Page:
Buffett on Buffett

Scores of reporters, columnists, and bloggers have been weighing in on Warren Buffett's subpoenaed testimony before the Financial Crisis Inquiry Commission, especially his suggestion that although Berkshire Hathaway acquired a significant share in Moody's, an agency that gave high marks to ultimately worthless mortgage-related securities, he really didn't believe much in ratings and did his own analysis.

Mr. Buffett's attitude toward the ratings business reminds me of a lucrative but potentially time-robbing job offer I received when I was turning from editing to writing. I suggested instead a part-time, home-based position of a kind that was becoming popular in some book publishing circles, and I pointed out that the company's business division was featuring works extolling the new flexible workplace. I'll never forget the only half-joking reply: "We just publish them. We don't read them."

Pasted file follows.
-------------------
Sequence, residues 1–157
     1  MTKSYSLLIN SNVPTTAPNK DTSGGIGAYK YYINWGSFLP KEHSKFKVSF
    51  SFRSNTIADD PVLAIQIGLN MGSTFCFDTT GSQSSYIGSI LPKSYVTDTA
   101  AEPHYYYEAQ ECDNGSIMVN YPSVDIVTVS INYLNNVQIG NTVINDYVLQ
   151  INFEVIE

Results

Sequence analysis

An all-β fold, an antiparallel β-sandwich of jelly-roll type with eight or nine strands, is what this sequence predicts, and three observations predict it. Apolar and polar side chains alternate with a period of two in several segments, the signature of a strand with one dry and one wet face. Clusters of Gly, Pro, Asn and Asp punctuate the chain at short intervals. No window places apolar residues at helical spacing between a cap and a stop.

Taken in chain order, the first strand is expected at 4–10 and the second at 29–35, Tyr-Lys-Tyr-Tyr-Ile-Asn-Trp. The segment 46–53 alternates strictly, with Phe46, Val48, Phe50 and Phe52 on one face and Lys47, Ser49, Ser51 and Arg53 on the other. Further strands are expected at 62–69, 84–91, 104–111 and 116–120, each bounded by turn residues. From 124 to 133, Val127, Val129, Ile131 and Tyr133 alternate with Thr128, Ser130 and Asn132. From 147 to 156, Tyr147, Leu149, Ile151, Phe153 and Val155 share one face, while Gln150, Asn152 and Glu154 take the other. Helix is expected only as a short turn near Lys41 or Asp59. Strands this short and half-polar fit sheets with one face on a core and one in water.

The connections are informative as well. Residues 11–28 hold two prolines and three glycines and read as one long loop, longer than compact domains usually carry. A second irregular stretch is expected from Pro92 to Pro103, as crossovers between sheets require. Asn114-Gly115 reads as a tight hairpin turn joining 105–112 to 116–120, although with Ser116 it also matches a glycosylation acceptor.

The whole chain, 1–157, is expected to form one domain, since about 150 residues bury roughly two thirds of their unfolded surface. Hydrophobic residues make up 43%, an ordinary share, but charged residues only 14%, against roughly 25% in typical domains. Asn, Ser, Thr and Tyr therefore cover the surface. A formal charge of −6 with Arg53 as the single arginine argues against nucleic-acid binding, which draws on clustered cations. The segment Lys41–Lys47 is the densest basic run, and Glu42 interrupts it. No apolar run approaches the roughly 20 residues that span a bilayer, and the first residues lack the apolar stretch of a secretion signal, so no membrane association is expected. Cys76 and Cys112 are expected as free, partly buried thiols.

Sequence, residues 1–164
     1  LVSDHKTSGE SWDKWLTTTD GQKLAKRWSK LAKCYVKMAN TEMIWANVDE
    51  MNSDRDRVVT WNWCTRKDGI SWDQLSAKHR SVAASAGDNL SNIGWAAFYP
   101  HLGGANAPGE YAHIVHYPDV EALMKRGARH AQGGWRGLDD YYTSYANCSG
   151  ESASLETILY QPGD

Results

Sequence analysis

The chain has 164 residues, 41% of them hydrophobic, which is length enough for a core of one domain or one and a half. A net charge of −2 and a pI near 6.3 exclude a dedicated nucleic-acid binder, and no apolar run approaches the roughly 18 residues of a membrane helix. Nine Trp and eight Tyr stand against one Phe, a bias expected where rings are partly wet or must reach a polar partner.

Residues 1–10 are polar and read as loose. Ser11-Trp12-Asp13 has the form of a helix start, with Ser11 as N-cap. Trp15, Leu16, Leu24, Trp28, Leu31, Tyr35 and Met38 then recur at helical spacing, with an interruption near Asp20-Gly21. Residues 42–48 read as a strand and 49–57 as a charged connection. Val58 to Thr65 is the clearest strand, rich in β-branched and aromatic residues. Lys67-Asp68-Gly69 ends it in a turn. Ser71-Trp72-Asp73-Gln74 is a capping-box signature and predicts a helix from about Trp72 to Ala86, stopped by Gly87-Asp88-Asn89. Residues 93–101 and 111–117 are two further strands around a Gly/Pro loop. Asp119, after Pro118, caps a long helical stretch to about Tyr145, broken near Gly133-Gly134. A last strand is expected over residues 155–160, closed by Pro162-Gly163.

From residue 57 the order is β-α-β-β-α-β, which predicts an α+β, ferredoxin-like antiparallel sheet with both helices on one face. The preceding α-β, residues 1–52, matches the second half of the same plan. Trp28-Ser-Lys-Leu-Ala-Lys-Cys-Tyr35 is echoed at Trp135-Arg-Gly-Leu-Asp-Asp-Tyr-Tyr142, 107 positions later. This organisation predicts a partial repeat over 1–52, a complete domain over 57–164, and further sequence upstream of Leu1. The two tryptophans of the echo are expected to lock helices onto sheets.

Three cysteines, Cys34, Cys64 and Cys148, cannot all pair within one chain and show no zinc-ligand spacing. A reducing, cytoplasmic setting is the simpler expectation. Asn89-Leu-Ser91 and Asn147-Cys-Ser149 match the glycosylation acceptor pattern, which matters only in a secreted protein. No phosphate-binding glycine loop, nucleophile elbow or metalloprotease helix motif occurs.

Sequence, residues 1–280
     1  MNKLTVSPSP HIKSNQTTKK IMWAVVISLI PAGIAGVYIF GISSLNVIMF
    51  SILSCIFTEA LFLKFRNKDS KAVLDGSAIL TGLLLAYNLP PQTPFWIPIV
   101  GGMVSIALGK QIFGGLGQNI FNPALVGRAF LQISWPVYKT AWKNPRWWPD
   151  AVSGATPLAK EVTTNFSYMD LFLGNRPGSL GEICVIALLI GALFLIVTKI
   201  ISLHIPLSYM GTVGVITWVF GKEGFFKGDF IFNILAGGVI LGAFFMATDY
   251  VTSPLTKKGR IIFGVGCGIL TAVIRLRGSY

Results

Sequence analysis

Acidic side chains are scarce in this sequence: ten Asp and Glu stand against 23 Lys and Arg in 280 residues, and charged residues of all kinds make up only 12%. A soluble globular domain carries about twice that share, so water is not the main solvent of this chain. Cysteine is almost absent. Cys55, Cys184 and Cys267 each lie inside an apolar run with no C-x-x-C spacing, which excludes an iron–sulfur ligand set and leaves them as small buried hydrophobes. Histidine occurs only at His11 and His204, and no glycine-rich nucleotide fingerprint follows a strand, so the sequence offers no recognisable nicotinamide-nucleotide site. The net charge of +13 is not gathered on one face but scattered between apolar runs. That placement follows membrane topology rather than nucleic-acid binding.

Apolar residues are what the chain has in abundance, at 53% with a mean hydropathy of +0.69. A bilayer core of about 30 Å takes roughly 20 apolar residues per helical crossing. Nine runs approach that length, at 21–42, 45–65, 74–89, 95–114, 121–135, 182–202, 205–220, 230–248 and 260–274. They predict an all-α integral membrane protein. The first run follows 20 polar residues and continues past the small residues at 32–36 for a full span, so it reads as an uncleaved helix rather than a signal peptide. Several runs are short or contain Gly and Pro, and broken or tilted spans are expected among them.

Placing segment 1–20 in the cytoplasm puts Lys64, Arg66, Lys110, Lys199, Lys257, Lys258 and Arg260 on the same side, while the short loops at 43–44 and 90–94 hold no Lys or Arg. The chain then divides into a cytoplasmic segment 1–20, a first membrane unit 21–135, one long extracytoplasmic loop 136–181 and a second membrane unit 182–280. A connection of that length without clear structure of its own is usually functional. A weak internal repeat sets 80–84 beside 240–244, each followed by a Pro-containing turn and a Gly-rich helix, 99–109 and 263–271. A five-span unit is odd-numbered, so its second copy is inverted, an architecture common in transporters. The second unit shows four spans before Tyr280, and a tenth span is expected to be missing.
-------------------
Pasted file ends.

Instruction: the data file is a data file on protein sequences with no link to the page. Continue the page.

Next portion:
My favorite commentary is by Mr. Buffett himself, a prophetic assessment of his own position in ratings, and the financial catastrophe that they helped make possible, in a famous remark years ago:

When a management with a reputation for brilliance tackles a business with a reputation for bad economics, it is usually the reputation of the business that remains intact.
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Edward Tenner is a historian of technology and culture, and an affiliate of the Center for Arts and Cultural Policy at Princeton's Woodrow Wilson School. He was a founding advisor of Smithsonian's Lemelson Center.

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